Stocks to Avoid While The Fed Keeps Rates Flat
Reuben is a member of The Motley Fool Blog Network -- entries represent the personal opinion of the blogger and are not formally edited.
So the Federal Reserve reconfirmed that it intends to keep interest rates at historically low levels for the foreseeable future. Low rates are good if you are borrowing money, but aren't so great if you are lending money. This will continue to hinder the businesses of companies with rate related businesses.
What is this thing called “Float?”
Automatic Data Processing (NYSE: ADP) has an incredible business model. The company handles payroll processing for large corporations using its own internal systems. Thus, adding a new customer has some upfront costs, but costs virtually nothing once the customer is set up. That's a material amount of leverage. Moreover, customers don't like to switch payroll providers because of the hassle involved. So ADP's business tends to produce annuity like income streams.
The best part of the business, however, is probably “the float.” In order for ADP to process a payroll it must receive money from its business customers prior to sending any money to its customers' employees. That means that ADP usually has a large cash balance sitting around for a up to a few days before it is scheduled to get pushed out the door as payroll checks. While ADP doesn't own the money, it controls it. That money sitting around is “the float.”
Other People's Money
Since ADP controls that money, it can put it to work by investing it. While the payroll processor could invest the cash in the stock or bond markets, such investments carry material risks. Since ADP will have to make up any capital shortfalls, it clearly doesn't want to take on market risk. So, instead, it invests in short term investments that are, for the most part, 100% safe. Such investments tend to key off of the prevailing interest rate, which is currently so close to zero that ADP isn't making much money off “the float.”
Add in the slow economy, and a once robust business isn't looking quite as good. That goes doubly for ADP's competitor Paychex (NASDAQ: PAYX). The float is a material part of Paychex' business, too, but this company's focus is on small- and mid-size businesses. Since smaller companies have been hit harder by the recession and slow recovery, Paychex's business has suffered much more than ADP's. Both companies are trying to branch out into additional areas, most notably human resource functions, but these efforts simply can't make up for the double whammy of a slow economy and the virtual complete loss of income from “the float.”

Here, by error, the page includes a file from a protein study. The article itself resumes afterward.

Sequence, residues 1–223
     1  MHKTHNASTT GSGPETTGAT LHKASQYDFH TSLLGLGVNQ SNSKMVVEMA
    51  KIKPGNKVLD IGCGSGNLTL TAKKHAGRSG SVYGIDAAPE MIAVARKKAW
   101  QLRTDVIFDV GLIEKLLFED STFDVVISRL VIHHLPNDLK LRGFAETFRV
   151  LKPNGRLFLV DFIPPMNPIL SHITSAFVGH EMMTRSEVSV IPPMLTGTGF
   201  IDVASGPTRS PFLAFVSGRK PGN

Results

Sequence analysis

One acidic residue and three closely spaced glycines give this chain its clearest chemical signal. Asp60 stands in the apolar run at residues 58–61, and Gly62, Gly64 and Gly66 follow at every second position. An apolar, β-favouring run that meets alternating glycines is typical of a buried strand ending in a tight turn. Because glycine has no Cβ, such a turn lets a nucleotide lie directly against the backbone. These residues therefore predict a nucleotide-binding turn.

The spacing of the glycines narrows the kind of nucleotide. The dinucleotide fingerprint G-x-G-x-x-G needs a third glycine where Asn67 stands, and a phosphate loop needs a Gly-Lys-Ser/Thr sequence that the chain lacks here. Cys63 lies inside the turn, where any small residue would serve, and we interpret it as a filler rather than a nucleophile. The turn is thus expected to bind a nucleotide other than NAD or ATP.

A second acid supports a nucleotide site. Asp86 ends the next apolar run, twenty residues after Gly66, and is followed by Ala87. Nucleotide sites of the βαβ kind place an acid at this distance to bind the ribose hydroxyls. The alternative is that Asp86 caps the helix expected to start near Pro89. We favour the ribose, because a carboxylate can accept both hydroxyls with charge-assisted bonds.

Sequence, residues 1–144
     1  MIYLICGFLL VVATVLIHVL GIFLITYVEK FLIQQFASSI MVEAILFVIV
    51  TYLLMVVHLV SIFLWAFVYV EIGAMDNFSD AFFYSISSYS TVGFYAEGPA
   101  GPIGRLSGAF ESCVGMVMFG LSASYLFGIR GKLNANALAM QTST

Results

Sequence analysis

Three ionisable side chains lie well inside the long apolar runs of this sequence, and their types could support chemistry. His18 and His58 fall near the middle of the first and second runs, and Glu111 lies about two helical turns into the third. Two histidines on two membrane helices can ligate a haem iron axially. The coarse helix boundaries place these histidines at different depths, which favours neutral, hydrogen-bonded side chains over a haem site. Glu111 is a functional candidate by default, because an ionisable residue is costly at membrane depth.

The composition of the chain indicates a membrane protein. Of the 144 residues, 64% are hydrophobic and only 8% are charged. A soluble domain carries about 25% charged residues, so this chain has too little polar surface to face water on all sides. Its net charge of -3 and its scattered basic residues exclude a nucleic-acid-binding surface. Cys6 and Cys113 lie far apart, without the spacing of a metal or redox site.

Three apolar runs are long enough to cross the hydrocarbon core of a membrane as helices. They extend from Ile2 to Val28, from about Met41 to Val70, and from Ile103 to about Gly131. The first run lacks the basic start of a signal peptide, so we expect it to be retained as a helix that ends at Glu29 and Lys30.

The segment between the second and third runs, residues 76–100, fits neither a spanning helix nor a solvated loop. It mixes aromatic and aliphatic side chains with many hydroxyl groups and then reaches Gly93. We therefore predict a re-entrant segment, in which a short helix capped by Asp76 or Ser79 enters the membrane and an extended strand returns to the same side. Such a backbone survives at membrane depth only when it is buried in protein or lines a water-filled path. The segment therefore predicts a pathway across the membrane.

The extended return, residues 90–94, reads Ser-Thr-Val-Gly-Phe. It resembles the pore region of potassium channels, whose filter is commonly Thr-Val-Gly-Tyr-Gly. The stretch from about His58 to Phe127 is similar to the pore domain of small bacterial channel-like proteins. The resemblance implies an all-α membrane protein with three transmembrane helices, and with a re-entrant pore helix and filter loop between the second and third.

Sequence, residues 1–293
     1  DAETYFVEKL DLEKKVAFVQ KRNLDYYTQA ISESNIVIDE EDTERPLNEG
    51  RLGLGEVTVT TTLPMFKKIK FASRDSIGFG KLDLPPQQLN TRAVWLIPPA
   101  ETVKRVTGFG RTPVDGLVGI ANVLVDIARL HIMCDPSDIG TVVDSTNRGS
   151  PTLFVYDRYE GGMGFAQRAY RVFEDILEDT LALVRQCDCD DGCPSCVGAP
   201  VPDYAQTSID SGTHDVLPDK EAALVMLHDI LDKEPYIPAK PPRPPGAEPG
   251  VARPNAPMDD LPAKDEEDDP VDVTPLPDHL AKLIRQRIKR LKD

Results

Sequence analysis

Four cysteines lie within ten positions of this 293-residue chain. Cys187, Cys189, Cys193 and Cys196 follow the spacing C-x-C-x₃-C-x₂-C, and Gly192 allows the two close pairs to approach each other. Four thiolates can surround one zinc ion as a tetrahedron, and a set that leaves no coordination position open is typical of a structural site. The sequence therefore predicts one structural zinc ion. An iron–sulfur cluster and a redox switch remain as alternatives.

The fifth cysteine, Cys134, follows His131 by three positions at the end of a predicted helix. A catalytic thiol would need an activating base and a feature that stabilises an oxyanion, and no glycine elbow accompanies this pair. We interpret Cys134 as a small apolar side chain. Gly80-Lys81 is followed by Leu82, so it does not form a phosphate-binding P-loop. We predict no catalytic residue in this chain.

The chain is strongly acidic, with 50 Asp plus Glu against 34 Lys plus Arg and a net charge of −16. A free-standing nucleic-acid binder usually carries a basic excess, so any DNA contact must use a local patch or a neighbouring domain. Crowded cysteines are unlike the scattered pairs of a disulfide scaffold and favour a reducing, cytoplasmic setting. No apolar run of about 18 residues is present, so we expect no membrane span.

Not “Float”, But Just As Important
The Insurance industry is another area that feels the pinch of low interest rates for a similar reason. While insurance companies don't have “float,” they do receive money today for services that may be provided tomorrow if something “bad” happens. So while the accounting underpinning the insurance industry is very complex, the basic business model in the space is pretty simple: Take money from customers for the promise of insurance overage and invest that money profitably over time.
Indeed, insurance companies make a great deal of money by investing the premiums they receive up front. In fact, there are times when insurance companies are willing to lose money on an insurance policy just to get money to invest. While there is clearly more going on at an insurance company than this simplification, a quick look at the long-term success of Warren Buffett's Berkshire Hathaway (NYSE: BRK-B) is, perhaps, the perfect example. The so-called oracle of Omaha basically uses the insurance shell to fund his company's stock investments.
This has worked out quite well for Buffett and Berkshire shareholders, and it has also worked out well for some other large insurers over the long-term. That said, it helps explain why the performance of the stock and bond markets is so important in the insurance industry.
However, insurance giant Prudential (NYSE: PRU) recently cut its expectations for long-term stock market and bond market returns by over a full percentage point. That's a huge statement and one that has a massive impact on an insurer's business. A big part of the problem is the Fed's move to keep interest rates low.
Interest rates are also important for Federated Investors (NYSE: FII), one of the largest money market fund managers. The company provides money market management services for other companies, but with rates so low, the expenses of managing these funds eats up more than the fund makes from their investments. This is clearly bad for Federated in that it has to give fee reductions to keep its money market funds viable. Moreover, with such low rates, investors haven't been inclined to park their cash in a money market fund at all, meaning that Federated also has less assets under management.
Just A Few Examples
These are just three examples of companies and industries that are suffering because of low interest rates. Banks are also finding low rates a problem, though they also have numerous other issues to deal with. While economic growth is important, the consequences of the Fed's policy decisions are far more complex than many realize. In that, however, could be an investment opportunity. For example, when rates go back up, ADP, Paychex, and Federated are all likely to see earnings rebound smartly. Keep them on your radar screen.
ReubenGBrewer has no positions in the stocks mentioned above. The Motley Fool owns shares of Berkshire Hathaway. Motley Fool newsletter services recommend Berkshire Hathaway, Federated Investors, and Paychex. Try any of our Foolish newsletter services free for 30 days. We Fools may not all hold the same opinions, but we all believe that considering a diverse range of insights makes us better investors. The Motley Fool has a disclosure policy. Is this post wrong? Click here. Think you can do better? Join us and write your own!